TalkingShop: Double Olympic Champion Ed Clancy


A legend on and off the track at 27, the Worlds top man 1 in the Team Pursuit, Ed Clancy looks to expand his repertoire for the next Olympics in Rio

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An Olympic champion and World Record Holder in the Team Pursuit at successive Olympics, 27 year old Ed Clancy has had a change of mind on pursuing a career on the roads of Europe and instead is showing that an endurance athlete can make the cross over between so called endurance and sprint events on the track.


Ed is just as popular on the track as off it having ridden in British events for quite a few years now and for 2013, came so close to signing for Raleigh before Rapha Condor pulled some money out of a bag at the last minute to keep him in their squad.

He is a prize draw to any team and has won the British Circuit Race championships and many a race around town centres in Britain. On the road here in Britain, at least in the crits, he is one of the best there is and it was great to hear him say to VeloUK that he still wants to ride the crits in 2013.

“Whatever happens with the sprinting, I will never end up like a pure sprinter, like Jamie Staff for example. I will always have a bit of length about me and what we are trying to get is for me to have the same sort of aerobic capacity and Team Pursuit performance but add a few hundred more watts peak power into the equation. That’s it.”

“That is all we think I need, to be a proper world class man three Team Sprinter. Whether we can do that, we don’t know but I don’t think it will take anything away from the Team Pursuiting or the road and if it did, I would not bother doing it.”


Ed Clancy (centre) with the World Championship winning team at Los Angeles in 2005. L-R: Rob Hayles, Steve Cummings, Ed, Chris Newton and Paul Manning.

Before the Olympics, Ed had expressed an interest to try and follow in the wheel marks of his best friend Geraint Thomas and Bradley Wiggins too on the road but he can see now that his make up as a rider is not suited to what his team pursuiting teammates can do for their World Tour team. For Ed and Steven Burke, both similar sprint endurance athletes, the track is where the future is.

“The fact that myself and Burkey were possibly the strongest riders in London (Team Pursuit) perhaps says it all” Ed explained. “Man three and four (team pursuit) can get away with being super fit road riders but I think if you are really going to start going quicker at the Team Pursuit, you need a hybrid rider.”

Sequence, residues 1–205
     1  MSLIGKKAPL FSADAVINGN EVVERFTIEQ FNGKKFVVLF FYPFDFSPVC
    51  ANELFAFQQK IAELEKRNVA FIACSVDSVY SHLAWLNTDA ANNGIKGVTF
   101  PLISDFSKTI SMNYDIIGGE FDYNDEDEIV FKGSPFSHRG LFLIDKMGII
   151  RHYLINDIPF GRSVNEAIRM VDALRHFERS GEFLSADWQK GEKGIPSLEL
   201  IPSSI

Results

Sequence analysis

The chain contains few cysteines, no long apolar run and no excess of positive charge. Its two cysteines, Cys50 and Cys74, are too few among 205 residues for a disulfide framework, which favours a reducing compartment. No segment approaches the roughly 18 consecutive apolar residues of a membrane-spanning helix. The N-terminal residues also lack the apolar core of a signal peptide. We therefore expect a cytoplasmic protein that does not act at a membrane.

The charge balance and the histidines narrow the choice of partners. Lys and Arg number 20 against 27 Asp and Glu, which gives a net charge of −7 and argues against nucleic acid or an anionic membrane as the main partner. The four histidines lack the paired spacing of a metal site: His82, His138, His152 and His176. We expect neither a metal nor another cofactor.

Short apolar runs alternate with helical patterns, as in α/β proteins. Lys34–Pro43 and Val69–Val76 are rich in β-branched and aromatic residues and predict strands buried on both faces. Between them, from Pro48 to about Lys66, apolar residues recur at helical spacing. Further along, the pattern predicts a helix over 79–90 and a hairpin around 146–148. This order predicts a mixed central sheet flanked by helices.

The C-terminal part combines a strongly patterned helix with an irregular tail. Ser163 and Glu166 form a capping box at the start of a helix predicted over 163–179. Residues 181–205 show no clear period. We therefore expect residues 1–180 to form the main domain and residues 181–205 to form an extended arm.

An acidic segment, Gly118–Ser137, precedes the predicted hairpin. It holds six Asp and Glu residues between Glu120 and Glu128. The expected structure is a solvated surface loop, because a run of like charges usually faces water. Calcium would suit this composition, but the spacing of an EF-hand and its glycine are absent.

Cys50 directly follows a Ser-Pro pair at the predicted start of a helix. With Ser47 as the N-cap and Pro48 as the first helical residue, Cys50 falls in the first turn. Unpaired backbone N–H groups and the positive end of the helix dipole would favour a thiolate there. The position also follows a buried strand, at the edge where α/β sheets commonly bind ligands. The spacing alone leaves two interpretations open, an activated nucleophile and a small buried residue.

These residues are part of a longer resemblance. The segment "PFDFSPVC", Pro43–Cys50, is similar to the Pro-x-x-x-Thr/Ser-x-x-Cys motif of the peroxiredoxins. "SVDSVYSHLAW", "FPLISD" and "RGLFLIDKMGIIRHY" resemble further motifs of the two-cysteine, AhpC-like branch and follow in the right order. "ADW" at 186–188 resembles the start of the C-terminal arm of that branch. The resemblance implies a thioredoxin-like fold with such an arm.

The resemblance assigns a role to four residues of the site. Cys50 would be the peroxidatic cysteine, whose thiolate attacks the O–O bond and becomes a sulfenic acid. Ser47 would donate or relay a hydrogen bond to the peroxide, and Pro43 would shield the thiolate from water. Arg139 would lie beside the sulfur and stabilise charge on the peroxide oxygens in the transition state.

Steven Burke, a Team Pursuit in the same mould as Ed Clancy.

“You put us (Ed or Steven Burke) up a hill in a stage race and we’re rubbish in terms of aerobic power. We’re all right compared to a club rider but we’re certainly not Tour de France material or even domestic pro level. But as soon as you bring in a speed element like what I have got and Burkey has, then we’re good Team Pursuiters.”

“It’s a four minute event and it’s not like you’re pushing the wind for four minutes. It’s like four minutes of intervals; four sprints that each last 15 seconds and whilst you need to be able to tolerate the acid in the Team Pursuit, a strong aerobic system will clear that.”

Ed knows what it takes to be a rider on the road and spent two seasons with Paul Manning in Belgium riding for Landbouwkrediet-Tönissteiner (2007–2008). I don’t think either of them enjoyed that the same as Ed seems to enjoy racing in Britain and so his switch to the Sprint event is probably one that will best suit his lifestyle.

“Whilst the road has that pull and attraction, especially as my good friends are doing it, I think it is a case of the grass looking greener on the other side. If I did that, it’s not as if I’d be a Bradley Wiggins or Geraint Thomas earning a fortune in the best pro teams. Truth be told, I would probably not make any more money than I am now and I’d probably have a lifestyle I didn’t particularly enjoy spending more time away from home. So I think I am doing the right thing. Life certainly isn’t so bad!”


Ed Clancy in winning form for his team Rapha Condor

Ed has certainly come a long way since his days in the academy with Sky road coach Rod Ellingworth at the helm. I remember Ed making his World Championship Team Pursuit debut after the 2004 Olympics at the 2005 World Track Cycling Championships in Los Angeles.

The academy rider quickly showed what potential he had by helping them get off to a great start in round 1 and into the final for the Gold medal. The team went on to win the World title that year and whilst Ed didn’t get to stand on the podium, I do remember Chris Newton giving Ed his Gold medal to wear for a team picture afterwards. It was a team effort and Ed was a key member of that team.